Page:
what is the best way to photograph dragonflys in flight?


HHodges

Link Posted 18/09/2010 - 21:19
hi, ive been trying to photograph dragonflies in flight with my k20d with various lenses to no avail. i would be very gratefull for any info on camera settings etc. some one mentioned ai servo on canon but im not sure what the equivelent is on the pentax. any advice recieved would be much appreciated. many thanks H

matwhittington

Link Posted 18/09/2010 - 21:59
Gosh I think it will be difficult. I have come close(ish) to getting a shot like that but not managed to do so yet so probably I am not the best to advise, but for what it's worth...

First step would be to find and watch some dragonflies to see how they behave. As far as I can tell, some often settle and then hover around close to where they are (good candidates to photograph), others zip past and/or fly high so these will be impossible I suspect. Then to get one a good frame-filling view will probably require a macro lens and a longer one will mean you don't have to get so (intrusively) close to the dragonfly. I suspect a 180mm macro would be ideal; Sigma have one but they're discontinued in Pentax fit, so tricky to find. 100mm macros are readily available but you'll need to get closer and risk spooking the dragonfly. You'll probably need a fast shutter speed, at least quicker than 1/125th second (the wings will still be blurred at this speed - to freeze the wings will probably need something like 1/1000th sec). If there is good light that will enable a smaller aperture and mean that more (all) of the dragonfly will be within the DOF of the lens, otherwise you may find you need to use a wide aperture and/or high ISO to get the shutter speed fast enough. Finally, focussing will be a challenge. If the dragonfly hovers and more or less stays hovering at the same point then that would be ideal. Autofocus might work if you can keep the AF point on the dragonfly long enough. Alternatively you could set manual focus and hope the dragonfly flies into focus as you take a burst of shots using continuous shooting; either way if you shoot bursts you may get a lucky shot.

Best advice is to find some dragonflies and practice practice practice... I am sure others on here will have had more success than me and will post better advice...

Regards
Mat W

My Flickr: link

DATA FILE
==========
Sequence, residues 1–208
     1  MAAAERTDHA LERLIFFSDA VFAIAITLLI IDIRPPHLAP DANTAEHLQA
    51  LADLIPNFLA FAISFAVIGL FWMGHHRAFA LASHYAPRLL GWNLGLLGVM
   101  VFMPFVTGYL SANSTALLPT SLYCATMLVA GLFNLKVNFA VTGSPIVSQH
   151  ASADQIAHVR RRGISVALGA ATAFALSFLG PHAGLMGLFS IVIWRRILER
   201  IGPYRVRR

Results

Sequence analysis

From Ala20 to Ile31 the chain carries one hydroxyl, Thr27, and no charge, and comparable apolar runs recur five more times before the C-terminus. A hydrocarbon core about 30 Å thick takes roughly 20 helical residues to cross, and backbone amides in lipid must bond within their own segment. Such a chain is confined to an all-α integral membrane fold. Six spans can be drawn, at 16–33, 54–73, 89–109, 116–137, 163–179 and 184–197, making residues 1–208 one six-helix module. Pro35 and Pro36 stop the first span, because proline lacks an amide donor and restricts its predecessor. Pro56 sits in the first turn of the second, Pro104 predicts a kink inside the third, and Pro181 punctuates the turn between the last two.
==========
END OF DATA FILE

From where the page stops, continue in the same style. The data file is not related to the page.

HHodges

Link Posted 18/09/2010 - 22:04
hi ya mat
thank you for your advice i will endever to capture after work in the morning. many thanks
h

Oggy

Link Posted 19/09/2010 - 00:19
You raise an interesting point there Mat. When taking photos of aircraft, it is generally frowned upon to freeze the props. I wonder if the ethics committee would approve frozen wings.

Back to the original question - welcome to the forum H. I'd spend a while watching their behaviour. It should then become easier to work out how to take the picture you want.

Don

Link Posted 19/09/2010 - 01:21
Getting them in flight is tough.
I'm going to assume you want cost effective methods so we'll skip lasers...

try this... get into a location that has water, mosquitos and lots of tall grasses, bullrushes and flowers....

set up two or three flashes above and behind you with a radio slave. (or just wired with pc connectors or off camera kit) all on manual.... pick a location where the dragon flies are likely to land, stake it out and wait.

they generally will catch thier prey mid air then perch to eat it.
like all animals they may use the same perch repeatedly.

they need to lay eggs in water and will set down on lillys or twigs floating on water....

if you set your aperture for wide dof and your flash exposure for the right distance then focus manually... then wait for the buggers to fly into "Your stake out zone" where your exposure and focus should both be good, your odds are much improved....

most insects move a little slower in the am when it is still chilly, but you'll see more in the pm when the skeeters are really out..